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Alkene Reactions

By James Ashenhurst

Bromination of Alkenes – How Does It Work?

Last updated: March 26th, 2019

In a previous post we went through the key reactions of the carbocation pathway. It’s a family of reactions which proceed through 1) attack of an alkene upon an acid, forming a free carbocation, and 2) attack of a nucleophile upon the carbocation.

Although we saw that several key reactions of alkenes were consistent with this mechanism, it isn’t the case for  all. Take the bromination of alkenes, for instance.

Treatment of an alkene with bromine (Br2) in a chlorinated solvent (CHCl3, and CH2Cl2 are popular choices; CCl4 is often cited in textbooks*) leads to the formation of products containing two bromine atoms.

Observation #1: Bromination Proceeds with anti stereochemistry

Possibly the most interesting feature of this reaction is that the products follow a very predictable stereochemical pattern. For instance, in the reaction of cyclohexene with Br2, the two bromine atoms add to opposite faces of the alkene (“anti” stereochemistry). No “syn” products are observed.


Observation #2: The reaction is stereospecific

What’s even more mysterious is that the stereochemistry of the starting alkene is directly related to the stereochemistry of the product. For instance if we treat  cis-2-butene [aka (Z)-2-butene] with Br2, we get a mixture of enantiomers. But if we treat trans-2-butene, we only get a single product (“meso” 2,3-dibromobutane). This property is called “stereospecificity” .

cis trans butene

What’s important about this? It’s inconsistent with a free carbocation! If there was a free carbocation, the stereochemistry of the starting alkene wouldn’t matter, since attack can come from either face. [Indeed, we know from labelling experiments that the reaction of H-Cl with cis or trans 2-butene is not stereospecific].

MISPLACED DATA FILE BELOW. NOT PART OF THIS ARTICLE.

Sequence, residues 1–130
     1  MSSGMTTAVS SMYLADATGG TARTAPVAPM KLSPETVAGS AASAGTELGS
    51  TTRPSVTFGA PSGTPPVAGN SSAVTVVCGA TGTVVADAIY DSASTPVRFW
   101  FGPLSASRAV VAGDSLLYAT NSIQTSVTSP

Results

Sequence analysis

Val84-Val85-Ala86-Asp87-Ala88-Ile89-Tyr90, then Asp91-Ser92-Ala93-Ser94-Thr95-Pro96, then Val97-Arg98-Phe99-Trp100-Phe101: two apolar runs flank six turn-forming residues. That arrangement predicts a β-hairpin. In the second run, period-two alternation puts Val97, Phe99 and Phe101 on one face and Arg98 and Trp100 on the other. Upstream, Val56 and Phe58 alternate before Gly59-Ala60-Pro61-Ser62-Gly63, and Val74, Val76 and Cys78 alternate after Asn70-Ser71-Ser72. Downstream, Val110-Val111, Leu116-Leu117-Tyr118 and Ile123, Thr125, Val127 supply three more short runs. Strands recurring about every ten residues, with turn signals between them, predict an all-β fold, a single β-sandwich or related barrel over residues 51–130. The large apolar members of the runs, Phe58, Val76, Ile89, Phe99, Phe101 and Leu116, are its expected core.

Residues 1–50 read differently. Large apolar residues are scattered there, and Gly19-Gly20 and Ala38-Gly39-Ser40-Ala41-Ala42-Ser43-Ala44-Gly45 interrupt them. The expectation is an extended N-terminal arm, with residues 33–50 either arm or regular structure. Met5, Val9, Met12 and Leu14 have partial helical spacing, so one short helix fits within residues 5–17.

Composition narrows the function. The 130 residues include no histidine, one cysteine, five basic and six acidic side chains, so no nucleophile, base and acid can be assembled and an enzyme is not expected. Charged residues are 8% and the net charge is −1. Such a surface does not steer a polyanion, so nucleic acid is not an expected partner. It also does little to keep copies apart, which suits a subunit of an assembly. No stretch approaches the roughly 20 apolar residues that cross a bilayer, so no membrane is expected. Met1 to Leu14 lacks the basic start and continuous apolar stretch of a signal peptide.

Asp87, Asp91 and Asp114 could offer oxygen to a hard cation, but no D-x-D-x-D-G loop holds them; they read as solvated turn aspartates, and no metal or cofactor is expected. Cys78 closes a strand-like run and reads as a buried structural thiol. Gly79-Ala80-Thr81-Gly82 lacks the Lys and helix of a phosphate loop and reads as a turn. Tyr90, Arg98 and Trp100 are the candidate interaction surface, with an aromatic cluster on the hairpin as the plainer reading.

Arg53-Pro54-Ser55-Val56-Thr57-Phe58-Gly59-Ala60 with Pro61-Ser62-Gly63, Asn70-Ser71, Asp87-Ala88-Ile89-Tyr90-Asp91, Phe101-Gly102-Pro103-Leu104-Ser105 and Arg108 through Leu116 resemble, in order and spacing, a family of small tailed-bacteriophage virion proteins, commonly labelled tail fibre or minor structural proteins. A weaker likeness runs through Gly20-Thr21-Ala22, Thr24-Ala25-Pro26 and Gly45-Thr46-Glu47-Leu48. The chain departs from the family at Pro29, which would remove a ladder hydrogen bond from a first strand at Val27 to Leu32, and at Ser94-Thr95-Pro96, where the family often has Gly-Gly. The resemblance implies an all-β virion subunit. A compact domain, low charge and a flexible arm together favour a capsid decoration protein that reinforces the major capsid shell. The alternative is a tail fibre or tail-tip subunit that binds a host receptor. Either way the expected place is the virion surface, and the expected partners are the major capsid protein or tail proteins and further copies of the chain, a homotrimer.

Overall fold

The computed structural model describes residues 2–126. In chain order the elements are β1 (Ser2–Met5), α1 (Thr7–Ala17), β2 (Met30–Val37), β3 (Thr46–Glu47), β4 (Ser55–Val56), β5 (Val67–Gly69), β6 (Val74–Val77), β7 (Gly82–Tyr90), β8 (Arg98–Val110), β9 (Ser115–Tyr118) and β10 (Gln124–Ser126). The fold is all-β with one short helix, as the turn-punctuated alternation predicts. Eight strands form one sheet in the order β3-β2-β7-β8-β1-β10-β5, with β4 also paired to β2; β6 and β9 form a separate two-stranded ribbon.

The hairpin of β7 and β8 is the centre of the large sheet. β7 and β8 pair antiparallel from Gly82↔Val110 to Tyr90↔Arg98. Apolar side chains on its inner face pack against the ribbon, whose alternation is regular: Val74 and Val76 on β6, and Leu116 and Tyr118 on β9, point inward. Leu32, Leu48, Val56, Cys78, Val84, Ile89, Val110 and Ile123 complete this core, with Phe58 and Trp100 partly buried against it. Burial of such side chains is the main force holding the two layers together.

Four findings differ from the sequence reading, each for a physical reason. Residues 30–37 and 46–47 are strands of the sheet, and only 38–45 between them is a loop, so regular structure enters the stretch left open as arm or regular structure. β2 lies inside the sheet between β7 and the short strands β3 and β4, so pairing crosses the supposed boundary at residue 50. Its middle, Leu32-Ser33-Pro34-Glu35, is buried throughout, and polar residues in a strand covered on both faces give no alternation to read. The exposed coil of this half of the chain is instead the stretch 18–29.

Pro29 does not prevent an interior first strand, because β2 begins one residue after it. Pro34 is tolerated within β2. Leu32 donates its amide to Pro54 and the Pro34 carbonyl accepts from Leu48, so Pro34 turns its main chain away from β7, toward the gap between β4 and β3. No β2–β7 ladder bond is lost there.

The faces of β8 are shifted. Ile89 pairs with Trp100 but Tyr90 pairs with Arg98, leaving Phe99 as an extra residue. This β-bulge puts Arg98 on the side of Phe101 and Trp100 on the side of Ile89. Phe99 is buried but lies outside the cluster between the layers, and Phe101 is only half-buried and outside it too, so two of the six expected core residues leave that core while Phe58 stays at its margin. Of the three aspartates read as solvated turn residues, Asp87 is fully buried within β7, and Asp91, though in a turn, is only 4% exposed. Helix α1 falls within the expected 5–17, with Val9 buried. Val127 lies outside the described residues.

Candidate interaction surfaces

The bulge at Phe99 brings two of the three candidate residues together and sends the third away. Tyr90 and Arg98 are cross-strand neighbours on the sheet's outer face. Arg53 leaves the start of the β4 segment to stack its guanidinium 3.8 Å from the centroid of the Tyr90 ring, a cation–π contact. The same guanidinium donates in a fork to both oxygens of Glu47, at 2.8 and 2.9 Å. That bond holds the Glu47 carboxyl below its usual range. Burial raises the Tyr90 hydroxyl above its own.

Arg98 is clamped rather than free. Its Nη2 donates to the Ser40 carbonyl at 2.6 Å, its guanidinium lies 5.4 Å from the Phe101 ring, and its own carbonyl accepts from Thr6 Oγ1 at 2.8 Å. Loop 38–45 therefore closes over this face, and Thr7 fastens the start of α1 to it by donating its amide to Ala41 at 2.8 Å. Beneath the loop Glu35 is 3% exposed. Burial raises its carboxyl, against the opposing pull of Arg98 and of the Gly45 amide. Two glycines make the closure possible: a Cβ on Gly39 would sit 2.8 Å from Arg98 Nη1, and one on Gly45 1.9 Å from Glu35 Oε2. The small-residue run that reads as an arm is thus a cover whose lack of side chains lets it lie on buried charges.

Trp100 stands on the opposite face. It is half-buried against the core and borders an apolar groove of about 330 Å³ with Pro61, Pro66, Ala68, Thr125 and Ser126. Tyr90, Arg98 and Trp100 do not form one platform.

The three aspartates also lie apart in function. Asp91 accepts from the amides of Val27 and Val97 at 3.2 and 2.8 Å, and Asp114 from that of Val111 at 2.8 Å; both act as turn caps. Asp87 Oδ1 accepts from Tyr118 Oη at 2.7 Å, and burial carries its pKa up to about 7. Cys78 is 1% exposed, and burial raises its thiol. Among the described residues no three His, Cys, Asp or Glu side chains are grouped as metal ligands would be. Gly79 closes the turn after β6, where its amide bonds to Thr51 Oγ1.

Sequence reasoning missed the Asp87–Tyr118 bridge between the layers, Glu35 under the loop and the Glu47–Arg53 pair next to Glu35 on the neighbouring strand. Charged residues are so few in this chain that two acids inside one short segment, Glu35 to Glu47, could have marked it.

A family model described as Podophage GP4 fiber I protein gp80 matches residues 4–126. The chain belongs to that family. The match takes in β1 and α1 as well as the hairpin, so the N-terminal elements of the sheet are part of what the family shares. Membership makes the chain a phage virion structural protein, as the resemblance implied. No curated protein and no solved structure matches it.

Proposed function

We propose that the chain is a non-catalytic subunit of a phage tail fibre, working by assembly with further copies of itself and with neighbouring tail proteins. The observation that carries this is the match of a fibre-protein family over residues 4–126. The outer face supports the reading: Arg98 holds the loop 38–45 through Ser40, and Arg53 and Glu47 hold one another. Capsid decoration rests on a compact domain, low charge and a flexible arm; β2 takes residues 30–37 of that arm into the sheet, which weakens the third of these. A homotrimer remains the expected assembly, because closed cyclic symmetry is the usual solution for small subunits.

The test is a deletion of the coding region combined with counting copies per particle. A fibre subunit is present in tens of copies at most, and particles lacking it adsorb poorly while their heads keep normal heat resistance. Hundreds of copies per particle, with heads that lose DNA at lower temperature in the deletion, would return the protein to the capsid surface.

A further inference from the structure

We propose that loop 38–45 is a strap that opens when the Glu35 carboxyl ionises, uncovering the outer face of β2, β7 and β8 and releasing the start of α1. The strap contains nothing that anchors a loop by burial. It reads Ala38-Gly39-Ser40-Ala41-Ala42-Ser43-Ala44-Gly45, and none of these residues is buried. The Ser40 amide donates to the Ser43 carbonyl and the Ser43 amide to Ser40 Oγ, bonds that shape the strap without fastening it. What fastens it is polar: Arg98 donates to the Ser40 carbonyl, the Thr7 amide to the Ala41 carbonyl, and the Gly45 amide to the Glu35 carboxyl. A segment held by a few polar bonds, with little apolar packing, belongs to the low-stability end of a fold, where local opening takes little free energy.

Observation #3: Rearrangements are never observed

It’s also consistent with the absence of a free carbocation because rearrangements are never observed. For example, in the case below, we’d expect to see rearrangement (a 1,2-alkyl shift, to be precise) if a free carbocation was formed. Instead, note that the methyl groups stay in the same place.

Observation #4: Certain solvents can affect the reaction products

Here’s another experimental observation. The solvent matters.

When we use water as the solvent for this reaction, we get the product below. [Note – this is called a “bromohydrin” since we have incorporated both bromine and water] . Note that the stereochemistry is still “anti”, as before.


What this means is that somehow our solvent has intercepted a reactive intermediate in this reaction to produce the product above. (Note – this also occurs when we use alcohols as solvents; in these cases, ethers are obtained).